Tuesday, April 29, 2008
A Second Chance / Une Deuxième Chance
A few years ago, back when we were dating without even dating (that’s a long story!), my husband told me that he didn’t like bread pudding. He dropped it just like that, in the middle of our conversation, between a sip of half-an-hour-cold-espresso and him thinking about having a goatee. I didn’t know what to think of this situation. A man with a goatee! And who doesn’t like bread pudding! Will it work?
Needless to say how confused I was. But this happened during our first days of romance, and the rule number 123 of dating for dummies tells you not to take it too seriously when a man admits that he doesn’t like bread pudding, but they tell you nothing about the sudden urge of having a goatee! Confused? I know! Me too.
And what’s more confusing is that I agreed with his bread pudding aversion (but not with the goatee!) I agreed to the dislike of centuries old dessert without even arguing. I agreed to hate bread pudding when I know how much I love drowning my bread in milk before eating it. I agreed to dislike something I've actually never had before. I agreed to something I thought I, myself, hated for years, until this past weekend.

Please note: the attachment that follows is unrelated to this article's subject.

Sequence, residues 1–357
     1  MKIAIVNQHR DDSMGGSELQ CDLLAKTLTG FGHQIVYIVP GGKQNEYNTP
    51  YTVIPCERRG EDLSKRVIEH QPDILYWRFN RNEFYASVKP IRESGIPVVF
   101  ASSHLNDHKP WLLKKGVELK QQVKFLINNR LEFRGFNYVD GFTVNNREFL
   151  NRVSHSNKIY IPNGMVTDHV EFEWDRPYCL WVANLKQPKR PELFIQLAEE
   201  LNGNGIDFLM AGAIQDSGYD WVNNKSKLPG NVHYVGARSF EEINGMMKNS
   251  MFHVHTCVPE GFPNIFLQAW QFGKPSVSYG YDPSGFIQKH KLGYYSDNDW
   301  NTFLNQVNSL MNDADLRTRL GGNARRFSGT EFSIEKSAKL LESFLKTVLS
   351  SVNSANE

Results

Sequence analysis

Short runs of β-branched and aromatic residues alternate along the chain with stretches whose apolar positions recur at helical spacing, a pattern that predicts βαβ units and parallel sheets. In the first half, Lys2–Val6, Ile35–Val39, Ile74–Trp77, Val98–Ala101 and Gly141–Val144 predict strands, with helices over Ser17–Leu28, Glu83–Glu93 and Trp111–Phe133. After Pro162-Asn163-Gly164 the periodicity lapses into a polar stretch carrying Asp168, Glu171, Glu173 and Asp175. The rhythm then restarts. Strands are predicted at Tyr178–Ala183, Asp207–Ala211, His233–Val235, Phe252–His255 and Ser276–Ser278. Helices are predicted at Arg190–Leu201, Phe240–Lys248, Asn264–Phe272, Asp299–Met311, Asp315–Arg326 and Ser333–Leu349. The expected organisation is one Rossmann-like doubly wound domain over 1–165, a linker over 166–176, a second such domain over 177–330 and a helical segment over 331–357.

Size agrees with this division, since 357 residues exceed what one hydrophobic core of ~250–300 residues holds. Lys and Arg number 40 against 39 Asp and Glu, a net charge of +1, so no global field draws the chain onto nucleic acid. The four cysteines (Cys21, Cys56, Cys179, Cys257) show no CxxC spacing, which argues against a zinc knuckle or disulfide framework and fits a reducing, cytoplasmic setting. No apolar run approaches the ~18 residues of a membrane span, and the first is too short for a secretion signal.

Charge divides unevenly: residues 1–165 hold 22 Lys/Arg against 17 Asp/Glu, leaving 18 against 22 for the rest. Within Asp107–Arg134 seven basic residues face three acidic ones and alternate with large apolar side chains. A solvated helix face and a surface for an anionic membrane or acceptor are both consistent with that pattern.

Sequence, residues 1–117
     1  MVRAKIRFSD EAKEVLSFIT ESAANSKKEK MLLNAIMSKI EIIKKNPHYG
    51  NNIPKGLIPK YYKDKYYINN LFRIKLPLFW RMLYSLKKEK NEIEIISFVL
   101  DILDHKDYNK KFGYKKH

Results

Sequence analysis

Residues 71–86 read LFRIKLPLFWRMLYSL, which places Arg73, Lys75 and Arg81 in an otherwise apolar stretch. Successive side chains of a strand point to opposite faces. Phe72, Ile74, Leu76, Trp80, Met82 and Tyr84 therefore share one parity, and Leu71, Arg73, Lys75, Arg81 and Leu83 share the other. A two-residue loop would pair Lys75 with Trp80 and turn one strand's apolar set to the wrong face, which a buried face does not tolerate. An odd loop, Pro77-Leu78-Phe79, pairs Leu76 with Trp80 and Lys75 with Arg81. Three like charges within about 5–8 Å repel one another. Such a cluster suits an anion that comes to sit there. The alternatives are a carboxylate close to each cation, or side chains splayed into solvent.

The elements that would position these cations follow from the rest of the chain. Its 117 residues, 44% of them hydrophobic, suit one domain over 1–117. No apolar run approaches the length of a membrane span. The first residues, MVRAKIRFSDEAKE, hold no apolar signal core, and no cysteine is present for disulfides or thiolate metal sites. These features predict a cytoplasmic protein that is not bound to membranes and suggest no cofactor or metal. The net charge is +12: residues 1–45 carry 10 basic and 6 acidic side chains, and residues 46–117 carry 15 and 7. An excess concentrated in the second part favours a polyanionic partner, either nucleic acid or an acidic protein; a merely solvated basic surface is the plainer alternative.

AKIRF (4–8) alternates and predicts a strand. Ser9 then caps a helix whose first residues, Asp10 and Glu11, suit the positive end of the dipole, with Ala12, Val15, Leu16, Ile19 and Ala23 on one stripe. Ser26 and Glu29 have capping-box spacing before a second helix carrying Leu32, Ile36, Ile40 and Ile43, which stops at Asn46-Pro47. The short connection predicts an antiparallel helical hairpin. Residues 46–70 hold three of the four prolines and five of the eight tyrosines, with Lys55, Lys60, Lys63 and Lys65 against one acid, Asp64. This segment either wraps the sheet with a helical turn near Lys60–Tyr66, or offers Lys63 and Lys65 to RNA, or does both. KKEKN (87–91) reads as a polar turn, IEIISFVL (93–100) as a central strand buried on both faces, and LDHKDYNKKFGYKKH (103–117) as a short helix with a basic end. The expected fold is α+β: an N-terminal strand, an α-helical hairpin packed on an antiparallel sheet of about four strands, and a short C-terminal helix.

This past weekend there were no dating game, no loosing game, no mascara and no shiny shoes. This past weekend was about an unfinished business, an unknown dessert, and about using some of my leftover bread. And I have to admit that I cannot find better, cozier, and more charming way to use leftover bread than by making bread pudding. It’s every leftover bread's fantasy to end up swimming in a custard bath with raisins and nuts as bathtub toys.
This bread pudding is the most popular sweet in Egypt. It’s called Om Ali, which means Ali’s Mother. The traditional way is to use baked fillo pastry broken into pieces with a mixture of cream and milk, but people find all sorts of ways of making it; with pancakes, with thinly rolled out puff pastry, and with pieces of bread.
I went for “a lighter custard”, skipping the heavy cream and adding eggs to the mixture. The bread is soaked in an orange blossom water perfumed custard for 20 minutes, sprinkling raisins and nuts in between layers, and then baked until nicely browned and the pudding tips nicely out of its mold.
As I was taking the pudding out of the oven, my husband came to the kitchen and saw me holding the golden-crusted dessert in my arms and asked what it was. “Bread pudding”, I said. “But before you say anything, give it a chance!" I said "I know how much you hate bread pudding”
“Who told you I hate bread pudding? I hated the one I had once in my college years, not all bread puddings. Besides, yours looks scrumptious”, he replied
Needless to say how confused I was. But I am glad I gave both of them a second chance.
Om Ali : Egyptian Bread Pudding
You can also add some semi-sweet chocolate chips to the custard. It’s not traditional, but I am sure Om Ali wouldn’t mind.
- ½ lb days old of your favorite bread (I used this one)